Tea, South Dakota                150,000               330,000          846,000 Purchase         2,331,000              GAO estimate
                                                                                balance                                 based on data
                                                                                (180,000                                supplied by city
                                                                                gallons per day)
                                                                                from Lincoln Co.
Lincoln County, South Dakota     533,000               900,000         2,308,000 Purchase           2,762,000           GAO estimate
                                                                                 shortfall (up to a                     based on data
                                                                                 maximum of                             supplied by
                                                                                 800,000 gallons                        water district
                                                                                 per day) from
                                                                                 Sioux Falls
Minnehaha, South Dakota         1,600,000             2,000,000        5,128,000 Implement          Not applicable      Not applicable
                                                                                 stringent water
                                                                                 conservation
                                                                                                                             (continued)




                                            Page 11                                                                  GAO/T-RCED-99-252
                                           Appendix I
                                           Member Districts’ Alternatives to the Lewis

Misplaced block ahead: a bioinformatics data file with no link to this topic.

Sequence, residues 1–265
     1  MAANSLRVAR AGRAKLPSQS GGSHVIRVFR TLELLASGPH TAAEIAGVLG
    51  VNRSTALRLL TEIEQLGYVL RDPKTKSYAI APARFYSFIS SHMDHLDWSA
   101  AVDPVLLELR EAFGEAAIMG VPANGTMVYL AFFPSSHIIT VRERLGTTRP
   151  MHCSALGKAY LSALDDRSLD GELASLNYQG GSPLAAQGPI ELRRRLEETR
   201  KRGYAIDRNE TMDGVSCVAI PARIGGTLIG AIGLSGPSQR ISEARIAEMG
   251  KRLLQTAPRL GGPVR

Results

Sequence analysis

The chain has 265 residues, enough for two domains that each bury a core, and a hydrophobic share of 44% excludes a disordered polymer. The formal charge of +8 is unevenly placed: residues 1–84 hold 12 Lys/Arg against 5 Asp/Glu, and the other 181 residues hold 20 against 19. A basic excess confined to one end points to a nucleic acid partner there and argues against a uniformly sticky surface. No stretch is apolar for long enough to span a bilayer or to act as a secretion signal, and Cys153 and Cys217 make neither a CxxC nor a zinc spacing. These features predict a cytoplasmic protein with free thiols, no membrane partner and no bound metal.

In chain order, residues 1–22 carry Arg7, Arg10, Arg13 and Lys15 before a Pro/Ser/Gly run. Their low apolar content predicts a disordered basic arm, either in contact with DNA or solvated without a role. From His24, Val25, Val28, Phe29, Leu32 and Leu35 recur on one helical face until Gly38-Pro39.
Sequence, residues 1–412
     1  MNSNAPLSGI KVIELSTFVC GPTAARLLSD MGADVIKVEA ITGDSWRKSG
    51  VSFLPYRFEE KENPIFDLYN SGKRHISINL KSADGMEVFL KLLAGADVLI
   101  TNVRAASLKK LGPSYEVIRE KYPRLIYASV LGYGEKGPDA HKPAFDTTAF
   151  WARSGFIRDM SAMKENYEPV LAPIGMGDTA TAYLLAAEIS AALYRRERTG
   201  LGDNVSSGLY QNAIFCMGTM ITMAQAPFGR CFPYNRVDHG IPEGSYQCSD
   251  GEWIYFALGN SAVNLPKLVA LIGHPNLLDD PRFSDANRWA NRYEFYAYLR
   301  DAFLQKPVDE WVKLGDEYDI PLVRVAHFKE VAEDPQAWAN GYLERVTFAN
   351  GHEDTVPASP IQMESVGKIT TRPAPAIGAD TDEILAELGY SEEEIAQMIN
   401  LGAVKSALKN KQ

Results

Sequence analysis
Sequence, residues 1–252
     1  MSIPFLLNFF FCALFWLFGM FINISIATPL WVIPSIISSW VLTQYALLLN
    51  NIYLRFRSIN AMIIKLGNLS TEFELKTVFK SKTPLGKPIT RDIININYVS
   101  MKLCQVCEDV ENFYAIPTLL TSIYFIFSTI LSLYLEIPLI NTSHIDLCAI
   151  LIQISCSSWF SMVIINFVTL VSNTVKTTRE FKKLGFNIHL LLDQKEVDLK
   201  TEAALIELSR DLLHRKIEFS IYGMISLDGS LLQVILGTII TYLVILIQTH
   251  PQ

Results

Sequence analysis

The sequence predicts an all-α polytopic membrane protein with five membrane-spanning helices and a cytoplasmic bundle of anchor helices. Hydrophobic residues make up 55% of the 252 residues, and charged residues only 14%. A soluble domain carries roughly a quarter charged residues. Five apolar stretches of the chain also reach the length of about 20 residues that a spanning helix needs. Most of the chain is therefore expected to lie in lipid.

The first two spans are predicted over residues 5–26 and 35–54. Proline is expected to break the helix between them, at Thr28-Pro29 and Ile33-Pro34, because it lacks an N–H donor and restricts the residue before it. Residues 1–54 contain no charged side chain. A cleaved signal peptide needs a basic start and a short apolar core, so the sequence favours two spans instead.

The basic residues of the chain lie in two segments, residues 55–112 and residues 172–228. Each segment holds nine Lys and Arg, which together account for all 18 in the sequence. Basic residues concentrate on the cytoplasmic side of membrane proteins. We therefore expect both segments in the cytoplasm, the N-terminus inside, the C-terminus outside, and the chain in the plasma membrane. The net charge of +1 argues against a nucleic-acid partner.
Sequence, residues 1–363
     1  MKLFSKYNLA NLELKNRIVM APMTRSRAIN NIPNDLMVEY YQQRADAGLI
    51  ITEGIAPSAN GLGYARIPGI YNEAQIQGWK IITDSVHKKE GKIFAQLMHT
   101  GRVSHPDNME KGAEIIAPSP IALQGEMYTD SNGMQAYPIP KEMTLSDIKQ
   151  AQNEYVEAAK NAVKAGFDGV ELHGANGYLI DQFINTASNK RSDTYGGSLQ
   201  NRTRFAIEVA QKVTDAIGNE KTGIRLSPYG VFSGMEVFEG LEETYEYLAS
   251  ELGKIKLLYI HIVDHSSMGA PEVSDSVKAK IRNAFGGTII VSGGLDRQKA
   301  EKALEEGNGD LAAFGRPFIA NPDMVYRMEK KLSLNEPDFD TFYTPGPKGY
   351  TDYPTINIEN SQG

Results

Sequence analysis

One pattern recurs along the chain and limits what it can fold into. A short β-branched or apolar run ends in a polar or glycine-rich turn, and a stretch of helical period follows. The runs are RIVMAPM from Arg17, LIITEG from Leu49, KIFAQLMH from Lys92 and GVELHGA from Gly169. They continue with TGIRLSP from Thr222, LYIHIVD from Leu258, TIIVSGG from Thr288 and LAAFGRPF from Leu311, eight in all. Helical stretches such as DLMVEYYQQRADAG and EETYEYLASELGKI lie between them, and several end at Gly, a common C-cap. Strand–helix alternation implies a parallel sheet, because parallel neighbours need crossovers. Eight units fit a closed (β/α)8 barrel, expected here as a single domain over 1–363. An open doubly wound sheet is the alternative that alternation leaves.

and Clark Rural Water Project Compared
                                           With the Project’s Commitments




                                                                   Nonfederal
                                Average           Lewis and      proportionate
                                   daily               Clark    share of Lewis Alternative to           Cost of             Nature of cost
                              water use         commitment           and Clark Lewis and                alternative         estimate for
Member district                (gallons)       (gallons/day)    (1998 dollars)a Clark                   (1998 dollars)      alternative
South Lincoln, South Dakota     600,000              150,000             385,000 Drill three wells; 7,650,000               Informal
                                                                                 build booster                              estimate
                                                                                 station, lines                             supplied by
                                                                                 and softening                              water district
                                                                                 plant
Total                         33,159,000         23,470,000         $98,638,000      —                  $70,879,000 to       —
                                                                                                        $81,019,000

                                       a
                                        These proportionate shares in 1998 dollars are not equal to proportionate shares discussed in
                                       the report’s text, which are in 1993 dollars.
                                           b
                                           Lincoln-Pipestone has plans to increase their commitment to 1 million gallons per day.




(141360)                                   Page 12                                                                      GAO/T-RCED-99-252